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Math Help - Limits approaching infinity

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    Limits approaching infinity

    If b>0 prove that limn->infinity 1/1+nb=0 using the limit definition.

    I can't seem to make any headway in choosing my delta to make progress in this exercise.
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    Re: Limits approaching infinity

    Quote Originally Posted by renolovexoxo View Post
    If b>0 prove that limn->infinity 1/1+nb=0 using the limit definition.
    Suppose \epsilon >0 now we want \left|\frac{1}{1+nb}-0\right|=\frac{1}{1+nb}< \epsilon.

    So make n\ge N>\frac{1-\epsilon}{b \epsilon}
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    Re: Limits approaching infinity

    what we need to do is show that for ANY ε > 0 (even, or perhaps especially the very tiny ones), we can find SOME positive integer N, such that:

    for ALL n > N:

    \left|\frac{1}{1+nb} - 0\right| < \epsilon

    note we're not using "delta" because n isn't tending to a certain definite real number (|x - ∞| < δ doesn't make any sense). instead, we're using the idea that "close to infinity" means "really big".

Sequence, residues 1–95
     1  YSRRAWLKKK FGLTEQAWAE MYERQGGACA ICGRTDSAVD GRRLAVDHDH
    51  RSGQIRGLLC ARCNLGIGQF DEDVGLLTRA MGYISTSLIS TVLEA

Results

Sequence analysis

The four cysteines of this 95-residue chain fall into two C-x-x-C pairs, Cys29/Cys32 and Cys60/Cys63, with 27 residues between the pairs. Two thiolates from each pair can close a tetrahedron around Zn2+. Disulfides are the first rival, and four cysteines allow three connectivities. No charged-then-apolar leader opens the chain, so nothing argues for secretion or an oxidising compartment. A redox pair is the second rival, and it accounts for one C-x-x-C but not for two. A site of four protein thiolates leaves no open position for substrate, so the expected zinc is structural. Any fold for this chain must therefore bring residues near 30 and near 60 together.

we expect that if ε is very small, N should be quite large.

    now:

    \left|\frac{1}{1+nb} - 0\right| = \left|\frac{1}{1+nb}\right| = \frac{1}{1+nb} (since we can insist n > 0 (we are, after all, going "all the way positive to infinity") and we know that b > 0).

    if we want:

    \frac{1}{1+nb} < \epsilon, then we want:

    1 < (1+nb)\epsilon, so:

    \frac{1}{\epsilon} < 1 + nb \iff \frac{1}{\epsilon} - 1 < nb \iff \left(\frac{1}{b}\right)\left(\frac{1}{\epsilon} - 1\right) < n

    this suggests we pick N > \left(\frac{1}{b}\right)\left(\frac{1}{\epsilon} - 1\right), or N = 1 (just to keep N positive).

    so, if we choose:

    N = \max\left(1,\frac{\1-\epsilon}{b\epsilon}\right), we have for all n > N:

    \left|\frac{1}{1+nb}} - 0\right| = \frac{1}{1+nb} < \frac{1}{1+Nb} < \frac{1}{1 + \left(\frac{1-\epsilon}{b\epsilon}\right)b}

    =\frac{1}{\frac{\epsilon + 1 - \epsilon}{\epsilon}} = \frac{1}{\frac{1}{\epsilon}} = \epsilon, as desired.

    let's see how this works for a specific ε, and a specific b (we'll actually find the N that works).

    suppose b = 2, and ε = 0.1 or 1/10.

    according to what we did above, the integer N we want is:

    N > (1/2)(9/10)(10) = 9/2, so we should pick N = 5.

    note that 1/(1 + 2*4) = 1/9 > 1/10, so N = 4 doesn't work.

    now if n ≥ 5:

    1/(1 + 2n) < 1/11 < 1/10.
    Last edited by Deveno; October 2nd 2012 at 02:10 PM.
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